Intentional community in Nelson, B.C., wins efficiency award

FortisBC recognizes Heddlestone Village for energy conservation

Heddlestone Village has a pedestrian common path with homes on both sides. A woman is using a community cart and a boy is playing roller hockey.

Heddlestone is a pedestrian-only community, so residents rely on community carts to move goods between homes and the parking lot. Resident Bessie Wapp is pictured here. — Jon Steinman photo

FortisBC recognized 10 B.C. organizations for conserving energy, and Heddlestone Village, a co-housing community in Nelson, won in the multi-family category.

Collectively, these Top 10 saved enough natural gas to heat almost 150 homes and enough electricity to power close to 340 homes for a year.

Heddlestone’s 24 homes (or 12 duplexes) are constructed with high levels of batt and cellulose insulation, triple-pane windows and mini-split air-source heat pumps.

“We were able to achieve EnerGuide ratings of 83 to 84 in all the homes,” said Jon Steinman, strata president at Heddlestone and a resident. Nelson’s Go 2 Builders constructed the homes.

The community has numerous other “green” features including:

  • Homes have smaller footprints because there is a 4,000-square-foot common house with a dining room/kitchen, kids’ room, laundry, craft room, two guest rooms, lounge, teen room and games room;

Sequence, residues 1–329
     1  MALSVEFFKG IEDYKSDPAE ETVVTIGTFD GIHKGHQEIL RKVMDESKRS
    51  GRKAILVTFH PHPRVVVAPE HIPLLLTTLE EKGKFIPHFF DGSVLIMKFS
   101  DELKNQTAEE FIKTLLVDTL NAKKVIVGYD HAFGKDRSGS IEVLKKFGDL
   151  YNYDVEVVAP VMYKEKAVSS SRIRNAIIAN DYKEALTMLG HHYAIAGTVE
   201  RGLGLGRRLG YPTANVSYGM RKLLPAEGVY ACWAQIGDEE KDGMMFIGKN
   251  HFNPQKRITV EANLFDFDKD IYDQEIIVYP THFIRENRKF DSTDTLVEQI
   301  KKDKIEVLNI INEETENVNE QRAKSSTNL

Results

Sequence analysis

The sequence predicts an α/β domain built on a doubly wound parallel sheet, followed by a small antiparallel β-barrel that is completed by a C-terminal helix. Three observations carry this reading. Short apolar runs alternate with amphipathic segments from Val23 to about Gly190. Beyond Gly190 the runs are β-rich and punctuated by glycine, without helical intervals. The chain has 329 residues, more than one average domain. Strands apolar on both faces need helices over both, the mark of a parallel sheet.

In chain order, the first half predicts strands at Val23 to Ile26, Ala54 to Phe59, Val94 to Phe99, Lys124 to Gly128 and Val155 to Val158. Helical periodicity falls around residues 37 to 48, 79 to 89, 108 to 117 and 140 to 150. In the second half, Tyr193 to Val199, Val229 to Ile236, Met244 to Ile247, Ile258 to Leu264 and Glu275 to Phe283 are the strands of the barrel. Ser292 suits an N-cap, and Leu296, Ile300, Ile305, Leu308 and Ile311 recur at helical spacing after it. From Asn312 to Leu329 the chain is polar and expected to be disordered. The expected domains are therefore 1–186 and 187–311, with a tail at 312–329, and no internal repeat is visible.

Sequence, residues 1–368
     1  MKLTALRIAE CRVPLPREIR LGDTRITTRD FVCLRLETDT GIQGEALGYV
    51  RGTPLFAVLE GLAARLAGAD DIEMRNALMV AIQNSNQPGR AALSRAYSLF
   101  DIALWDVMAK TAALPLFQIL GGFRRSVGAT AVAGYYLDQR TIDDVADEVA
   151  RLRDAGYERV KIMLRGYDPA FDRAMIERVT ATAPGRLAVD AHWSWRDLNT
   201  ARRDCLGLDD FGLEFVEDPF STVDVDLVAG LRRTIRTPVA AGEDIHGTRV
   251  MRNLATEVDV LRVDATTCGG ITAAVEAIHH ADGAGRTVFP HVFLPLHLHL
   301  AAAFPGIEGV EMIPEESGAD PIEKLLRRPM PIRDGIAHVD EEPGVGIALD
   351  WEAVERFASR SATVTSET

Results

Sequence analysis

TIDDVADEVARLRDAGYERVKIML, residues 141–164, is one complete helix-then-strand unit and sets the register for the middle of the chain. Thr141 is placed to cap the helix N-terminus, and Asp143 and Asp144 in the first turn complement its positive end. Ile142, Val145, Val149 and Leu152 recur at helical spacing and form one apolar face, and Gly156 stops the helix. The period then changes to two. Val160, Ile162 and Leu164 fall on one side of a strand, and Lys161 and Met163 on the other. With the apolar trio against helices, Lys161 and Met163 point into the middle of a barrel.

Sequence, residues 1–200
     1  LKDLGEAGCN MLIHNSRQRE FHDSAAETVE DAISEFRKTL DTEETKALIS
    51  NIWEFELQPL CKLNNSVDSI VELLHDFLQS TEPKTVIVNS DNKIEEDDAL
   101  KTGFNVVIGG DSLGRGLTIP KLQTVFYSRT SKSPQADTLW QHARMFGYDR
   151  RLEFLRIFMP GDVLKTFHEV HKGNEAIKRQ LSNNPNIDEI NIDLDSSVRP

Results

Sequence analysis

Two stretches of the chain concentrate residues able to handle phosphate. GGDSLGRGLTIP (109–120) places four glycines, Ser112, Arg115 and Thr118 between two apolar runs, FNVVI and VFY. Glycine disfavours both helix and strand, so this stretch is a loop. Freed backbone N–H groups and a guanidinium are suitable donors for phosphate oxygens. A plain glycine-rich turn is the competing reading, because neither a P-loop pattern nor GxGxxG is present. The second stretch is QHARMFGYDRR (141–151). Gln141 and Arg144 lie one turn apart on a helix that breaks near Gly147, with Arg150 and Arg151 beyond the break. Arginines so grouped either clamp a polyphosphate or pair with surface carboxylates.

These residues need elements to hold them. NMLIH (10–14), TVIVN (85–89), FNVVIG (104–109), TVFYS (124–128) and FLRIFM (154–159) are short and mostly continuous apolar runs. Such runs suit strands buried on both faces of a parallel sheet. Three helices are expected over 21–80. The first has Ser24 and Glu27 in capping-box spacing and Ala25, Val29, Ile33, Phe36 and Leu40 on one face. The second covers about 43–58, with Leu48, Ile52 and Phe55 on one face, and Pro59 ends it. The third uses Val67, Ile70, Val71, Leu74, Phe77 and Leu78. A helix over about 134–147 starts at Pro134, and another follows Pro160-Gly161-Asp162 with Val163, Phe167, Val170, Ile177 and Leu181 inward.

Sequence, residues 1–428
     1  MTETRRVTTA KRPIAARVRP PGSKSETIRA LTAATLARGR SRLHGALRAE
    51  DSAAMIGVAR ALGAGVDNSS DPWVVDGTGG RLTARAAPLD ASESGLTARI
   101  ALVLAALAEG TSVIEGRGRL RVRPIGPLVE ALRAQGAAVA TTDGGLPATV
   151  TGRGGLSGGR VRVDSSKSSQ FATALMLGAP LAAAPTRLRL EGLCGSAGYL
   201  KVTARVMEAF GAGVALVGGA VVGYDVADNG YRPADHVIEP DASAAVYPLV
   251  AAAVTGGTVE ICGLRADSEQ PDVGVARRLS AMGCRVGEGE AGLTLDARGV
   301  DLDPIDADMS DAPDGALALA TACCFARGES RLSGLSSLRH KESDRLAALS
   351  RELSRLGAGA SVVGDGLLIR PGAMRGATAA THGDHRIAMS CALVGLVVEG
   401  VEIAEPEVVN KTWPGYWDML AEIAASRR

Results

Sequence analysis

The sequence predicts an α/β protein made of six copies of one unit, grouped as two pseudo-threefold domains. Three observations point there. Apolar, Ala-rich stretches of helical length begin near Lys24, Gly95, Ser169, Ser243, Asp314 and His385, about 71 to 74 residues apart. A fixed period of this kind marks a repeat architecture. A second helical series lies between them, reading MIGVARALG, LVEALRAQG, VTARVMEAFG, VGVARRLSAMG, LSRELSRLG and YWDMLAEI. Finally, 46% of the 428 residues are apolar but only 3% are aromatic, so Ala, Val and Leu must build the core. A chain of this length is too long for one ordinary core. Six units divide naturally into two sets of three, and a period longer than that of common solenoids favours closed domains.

• Six meals per week are prepared and shared in the common house, with between 30 and 50 people on average attending;
  • Residents are developing community gardens, orchards and compost facilities;
  • Ridesharing and tool lending are encouraged;
  • Only Energy Star appliances were installed.

“The community was intentionally designed with only electricity as an energy source,” said Steinman. “This was to help encourage an easier and eventual transition to alternative energy sources such as solar.”

Virginia Rasch

Virginia is a writer and copy editor with Koocanusa Publications. She is an avid outdoor recreationist in all seasons and has lived in the Kootenays for 10 years. With degrees in the natural sciences, she has worked as a tour guide, an environmentalist, a writer, and a copy editor of scientific publications. Virginia now brings her passion for everything green to Kootenay Business. View all of Virginia Rasch’s articles

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